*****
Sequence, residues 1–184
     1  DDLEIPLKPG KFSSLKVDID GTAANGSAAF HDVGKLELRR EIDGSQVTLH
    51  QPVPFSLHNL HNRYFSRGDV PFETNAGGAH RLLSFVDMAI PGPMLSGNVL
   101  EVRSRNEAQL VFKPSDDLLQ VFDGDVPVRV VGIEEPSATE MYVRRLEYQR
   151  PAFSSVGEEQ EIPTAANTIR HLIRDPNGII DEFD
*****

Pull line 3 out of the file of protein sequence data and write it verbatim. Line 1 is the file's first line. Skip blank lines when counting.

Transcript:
    51  QPVPFSLHNL HNRYFSRGDV PFETNAGGAH RLLSFVDMAI PGPMLSGNVL